Focus Groups

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Focus groups are facilitated meetings of up to a dozen people that

are organized around answering a series of focusing questions. A

facilitator leads the group through these questions. Focus group data

are generated as the result of a facilitative process and, while guided

by the focusing questions, the facilitator has the freedom to go off in

many different directions to gather the data that are viewed by the

group to be most critical. The big appeal of focus groups is that the

dialogue can lead to some interesting and unexpected places. Participants

build on one another’s comments, tell stories, give examples,

and share experiences to create a wealth of qualitative data.

These groups can be used either as a companion to other data collection

techniques or alone. The most common approach is to use

focus groups as a follow-up to survey data. A survey of coaching

clients may not only answer questions—but raise some new and

intriguing questions as well. A focus group can explore these new

questions and provide a fuller picture of the application of coaching.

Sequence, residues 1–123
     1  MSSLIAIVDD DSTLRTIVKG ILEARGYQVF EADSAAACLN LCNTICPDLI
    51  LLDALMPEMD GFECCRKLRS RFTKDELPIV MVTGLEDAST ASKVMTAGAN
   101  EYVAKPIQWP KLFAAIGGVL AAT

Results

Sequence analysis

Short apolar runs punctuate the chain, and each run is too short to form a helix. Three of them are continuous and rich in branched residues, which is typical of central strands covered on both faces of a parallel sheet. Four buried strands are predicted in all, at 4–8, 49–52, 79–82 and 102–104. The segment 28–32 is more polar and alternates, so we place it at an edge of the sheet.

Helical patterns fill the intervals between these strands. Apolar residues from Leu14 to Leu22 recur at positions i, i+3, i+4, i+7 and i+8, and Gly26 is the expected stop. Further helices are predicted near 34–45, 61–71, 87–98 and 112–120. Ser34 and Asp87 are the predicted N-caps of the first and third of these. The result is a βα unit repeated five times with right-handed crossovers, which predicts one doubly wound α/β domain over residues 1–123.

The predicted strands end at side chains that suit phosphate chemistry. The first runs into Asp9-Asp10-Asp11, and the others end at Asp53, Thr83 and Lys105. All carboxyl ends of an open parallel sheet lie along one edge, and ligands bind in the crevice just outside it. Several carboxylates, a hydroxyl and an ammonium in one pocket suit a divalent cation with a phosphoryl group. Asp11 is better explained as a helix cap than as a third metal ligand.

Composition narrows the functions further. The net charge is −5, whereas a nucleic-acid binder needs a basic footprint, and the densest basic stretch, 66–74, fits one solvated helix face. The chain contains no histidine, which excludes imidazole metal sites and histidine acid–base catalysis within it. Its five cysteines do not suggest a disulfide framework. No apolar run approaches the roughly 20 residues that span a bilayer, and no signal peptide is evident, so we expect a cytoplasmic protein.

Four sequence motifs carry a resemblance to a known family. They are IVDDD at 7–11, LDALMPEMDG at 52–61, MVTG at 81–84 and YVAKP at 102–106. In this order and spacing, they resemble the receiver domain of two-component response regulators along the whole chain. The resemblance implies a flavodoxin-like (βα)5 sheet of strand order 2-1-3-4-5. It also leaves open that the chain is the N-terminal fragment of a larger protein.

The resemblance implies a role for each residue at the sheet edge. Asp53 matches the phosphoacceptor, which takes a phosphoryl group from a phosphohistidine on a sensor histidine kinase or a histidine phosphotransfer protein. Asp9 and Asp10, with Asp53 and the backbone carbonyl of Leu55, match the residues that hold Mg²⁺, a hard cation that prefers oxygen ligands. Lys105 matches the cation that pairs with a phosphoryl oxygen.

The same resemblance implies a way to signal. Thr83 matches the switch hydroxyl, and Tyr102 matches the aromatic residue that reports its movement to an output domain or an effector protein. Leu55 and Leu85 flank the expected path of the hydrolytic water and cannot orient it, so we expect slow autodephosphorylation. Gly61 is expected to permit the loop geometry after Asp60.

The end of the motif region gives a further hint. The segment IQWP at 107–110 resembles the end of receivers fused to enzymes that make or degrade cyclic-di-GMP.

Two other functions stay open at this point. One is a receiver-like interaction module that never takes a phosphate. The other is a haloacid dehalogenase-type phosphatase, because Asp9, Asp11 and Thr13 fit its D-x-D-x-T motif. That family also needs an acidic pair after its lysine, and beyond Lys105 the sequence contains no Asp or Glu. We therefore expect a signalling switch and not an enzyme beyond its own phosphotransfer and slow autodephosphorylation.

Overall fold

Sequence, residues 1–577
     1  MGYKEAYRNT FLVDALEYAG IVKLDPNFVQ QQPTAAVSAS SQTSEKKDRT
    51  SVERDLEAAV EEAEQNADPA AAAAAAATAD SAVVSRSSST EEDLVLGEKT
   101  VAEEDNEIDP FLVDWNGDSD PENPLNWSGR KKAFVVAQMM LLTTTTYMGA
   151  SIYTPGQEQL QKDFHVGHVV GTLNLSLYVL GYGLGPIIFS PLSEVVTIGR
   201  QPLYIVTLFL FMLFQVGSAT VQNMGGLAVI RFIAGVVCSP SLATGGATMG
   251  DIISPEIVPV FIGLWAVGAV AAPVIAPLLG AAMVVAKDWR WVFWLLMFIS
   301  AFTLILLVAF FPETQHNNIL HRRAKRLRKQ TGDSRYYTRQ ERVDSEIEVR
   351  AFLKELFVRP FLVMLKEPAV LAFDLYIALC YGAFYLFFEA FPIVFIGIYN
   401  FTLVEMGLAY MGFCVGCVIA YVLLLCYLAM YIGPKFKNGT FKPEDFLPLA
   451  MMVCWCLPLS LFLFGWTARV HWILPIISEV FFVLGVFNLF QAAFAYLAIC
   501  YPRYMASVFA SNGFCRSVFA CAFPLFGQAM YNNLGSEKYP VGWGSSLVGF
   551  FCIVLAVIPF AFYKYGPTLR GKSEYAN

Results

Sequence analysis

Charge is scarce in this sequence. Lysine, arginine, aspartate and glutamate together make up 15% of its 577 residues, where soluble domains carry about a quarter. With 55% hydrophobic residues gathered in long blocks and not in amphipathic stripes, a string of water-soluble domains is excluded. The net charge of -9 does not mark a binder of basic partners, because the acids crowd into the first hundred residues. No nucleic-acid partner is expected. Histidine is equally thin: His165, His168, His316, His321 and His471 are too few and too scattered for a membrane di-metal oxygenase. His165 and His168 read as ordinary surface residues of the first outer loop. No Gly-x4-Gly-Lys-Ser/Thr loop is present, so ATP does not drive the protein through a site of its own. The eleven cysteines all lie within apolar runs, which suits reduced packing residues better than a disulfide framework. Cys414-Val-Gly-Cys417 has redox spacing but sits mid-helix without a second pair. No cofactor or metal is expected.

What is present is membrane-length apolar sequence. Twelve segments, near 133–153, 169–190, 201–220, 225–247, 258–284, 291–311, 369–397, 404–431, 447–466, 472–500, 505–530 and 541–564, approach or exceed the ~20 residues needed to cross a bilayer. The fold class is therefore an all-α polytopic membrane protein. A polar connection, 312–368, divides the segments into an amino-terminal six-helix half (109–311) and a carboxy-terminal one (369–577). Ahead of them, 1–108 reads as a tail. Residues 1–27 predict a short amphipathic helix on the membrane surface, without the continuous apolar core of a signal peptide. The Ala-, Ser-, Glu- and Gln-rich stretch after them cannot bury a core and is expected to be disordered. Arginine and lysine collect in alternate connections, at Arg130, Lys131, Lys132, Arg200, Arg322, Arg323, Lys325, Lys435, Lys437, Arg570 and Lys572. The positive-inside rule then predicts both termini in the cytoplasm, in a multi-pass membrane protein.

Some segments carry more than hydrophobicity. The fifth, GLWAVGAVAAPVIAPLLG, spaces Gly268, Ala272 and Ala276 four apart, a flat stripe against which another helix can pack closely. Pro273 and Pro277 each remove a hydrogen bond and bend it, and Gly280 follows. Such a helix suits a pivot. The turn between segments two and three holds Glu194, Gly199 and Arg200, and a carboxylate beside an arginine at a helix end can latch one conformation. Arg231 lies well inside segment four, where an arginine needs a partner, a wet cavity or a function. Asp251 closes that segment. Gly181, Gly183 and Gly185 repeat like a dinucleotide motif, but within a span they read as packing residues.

Focus groups are not suitable to explore individual stories,

however; the interactive nature of the focus group conversations

does produce rich qualitative data. We will see later in this chapter

how this approach was used successfully at Frontier Manufacturing.

Later in this chapter, we see how Frontier successfully used a focus

group with Regional Sales Managers to explore application and

chart a course of action. Guidelines for successfully using focus

groups include the following:

_ When focus groups include only a subset of a greater population,

make these groups as representative of the greater organization as

possible. This increases the credibility and quality of the data.

_ Keep the size of the group to 12 people and, if more than 12 people

are needed, conduct more than one session. Groups larger than

this size make it difficult for everyone to participate, and groups

smaller than this may not provide all of the data required.

_ Ensure that the initiative sponsor and/or business leaders buy into

this data collection approach. This will increase their confidence

in the outcomes of the group sessions.

_ Use experienced facilitators and those who are especially quick on

their feet. Work with the facilitator in advance to plan the

agenda and outcomes for the session.